The “New” Build

Actually, it may be a new series of builds, if things keep going the way they’re going… And yes, my new build is my first in what could be at least five 1:72 Huey helicopters. For right now, I’ve just got two planned. This particular one is the 1:72 UH-1H variant, made by Hasegawa. And, based on the amount of flash present on the kit, it must be a pretty old molding of it. My goal is to eventually make a near-perfect replica of a particular Vietnam era Huey "slick", as flown by the 335th Assault Helicopter Company. I haven’t decided if this kit is going to be the replica, or if I’m just going to use this one as a practice run towards doing the specific Huey. Regardless, I want to build this thing close as possible to that specific bird. And in order to do this, the kit is going to need some modifications. First off, did you know that the UH-1H technically had six doors? I never really thought about it, but there it is. There were the two main cockpit doors, the two (smaller) front cargo doors, and then the two (larger) rear cargo doors. Well, the cockpit doors and the front (smaller) cargo doors were molded directly to the body of the helicopter on this kit, as opposed to the very nice 1:72 Italeri UH-1D, where at least you could position the cockpit doors open. Unfortunately, I’m told that–on the helicopter I’m building–both cargo doors were removed on both sides. This meant doing some minor surgery on the kit pieces. All it worked out to was a pin vise and an Xacto knife, but I did manage to put a pretty deep gouge in one side that will need to be taken out later.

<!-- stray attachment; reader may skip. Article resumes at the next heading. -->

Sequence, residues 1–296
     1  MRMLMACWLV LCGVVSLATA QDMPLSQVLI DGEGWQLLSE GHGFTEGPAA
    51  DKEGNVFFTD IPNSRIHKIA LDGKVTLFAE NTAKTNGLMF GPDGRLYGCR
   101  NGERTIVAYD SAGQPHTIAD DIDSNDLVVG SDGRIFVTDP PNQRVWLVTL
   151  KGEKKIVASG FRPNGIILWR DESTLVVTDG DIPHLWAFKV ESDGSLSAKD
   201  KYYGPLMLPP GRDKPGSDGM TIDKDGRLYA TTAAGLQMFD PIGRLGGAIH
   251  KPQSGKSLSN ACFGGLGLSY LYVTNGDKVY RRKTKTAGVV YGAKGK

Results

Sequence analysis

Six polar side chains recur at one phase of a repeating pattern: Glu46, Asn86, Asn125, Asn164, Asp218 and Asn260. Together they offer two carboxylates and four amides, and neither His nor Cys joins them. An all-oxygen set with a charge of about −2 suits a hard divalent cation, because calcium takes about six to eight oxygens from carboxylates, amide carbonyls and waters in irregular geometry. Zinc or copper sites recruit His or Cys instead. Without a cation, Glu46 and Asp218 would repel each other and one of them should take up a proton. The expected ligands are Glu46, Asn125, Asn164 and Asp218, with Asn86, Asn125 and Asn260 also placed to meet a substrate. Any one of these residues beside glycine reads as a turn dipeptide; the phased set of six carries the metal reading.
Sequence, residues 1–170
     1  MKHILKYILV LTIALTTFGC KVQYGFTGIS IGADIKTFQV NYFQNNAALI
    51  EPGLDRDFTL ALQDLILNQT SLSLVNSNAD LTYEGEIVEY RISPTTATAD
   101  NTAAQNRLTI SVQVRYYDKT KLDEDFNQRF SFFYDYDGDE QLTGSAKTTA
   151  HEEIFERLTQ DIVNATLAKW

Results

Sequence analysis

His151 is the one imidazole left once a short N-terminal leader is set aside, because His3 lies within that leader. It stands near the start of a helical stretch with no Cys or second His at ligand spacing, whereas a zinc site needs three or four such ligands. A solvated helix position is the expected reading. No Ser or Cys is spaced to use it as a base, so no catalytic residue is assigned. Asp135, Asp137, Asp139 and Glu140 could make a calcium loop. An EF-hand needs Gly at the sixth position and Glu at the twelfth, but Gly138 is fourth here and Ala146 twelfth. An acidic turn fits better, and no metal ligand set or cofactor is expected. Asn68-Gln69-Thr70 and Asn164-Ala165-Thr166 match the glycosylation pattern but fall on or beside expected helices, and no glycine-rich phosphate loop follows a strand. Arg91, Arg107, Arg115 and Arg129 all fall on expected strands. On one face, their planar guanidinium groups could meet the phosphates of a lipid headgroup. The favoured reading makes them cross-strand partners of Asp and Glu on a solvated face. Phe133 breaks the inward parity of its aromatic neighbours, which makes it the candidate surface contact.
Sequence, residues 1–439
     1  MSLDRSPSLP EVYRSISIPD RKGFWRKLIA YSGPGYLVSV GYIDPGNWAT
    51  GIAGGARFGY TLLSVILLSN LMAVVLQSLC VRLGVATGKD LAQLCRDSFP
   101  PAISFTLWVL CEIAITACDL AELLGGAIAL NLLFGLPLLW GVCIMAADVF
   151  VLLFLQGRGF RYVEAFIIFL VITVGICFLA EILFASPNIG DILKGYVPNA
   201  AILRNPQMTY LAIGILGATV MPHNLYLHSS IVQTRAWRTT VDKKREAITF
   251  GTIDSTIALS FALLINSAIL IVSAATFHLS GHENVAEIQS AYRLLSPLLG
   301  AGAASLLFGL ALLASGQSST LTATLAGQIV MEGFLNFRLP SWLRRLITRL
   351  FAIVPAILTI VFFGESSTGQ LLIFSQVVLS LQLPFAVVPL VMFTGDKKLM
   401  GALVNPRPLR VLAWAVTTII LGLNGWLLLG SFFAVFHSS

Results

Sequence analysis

Another area that is going to require modification is the seats in the cockpit. In all the pictures I’ve found of Hueys in service in Vietnam, there were armor plates around the pilots’ seats, but they are absent on this kit. So… More modifications. I may end up scratch-building two new seats entirely. Of course, in the back, there’s the matter of scratch-building the bench seats and the gunner positions. In short, I’ve got a lot of work ahead of me on this kit. We’ll see how well I do.
One thing it looks like I won’t have to worry about is the decals. I found Fireball Modelworks recently, and not only do they specialize in helicopter decals, but they also have graciously agreed to do a smaller custom sheet to meet my anticipated needs for the specific build. The nose art is going to be done by my good friend, Phil. He’s (just as graciously) agreed to put his ALPS printer to use for just that purpose. And remember: "There are no problems. Only solutions." I think I’ll have to keep telling myself that over the coming months.

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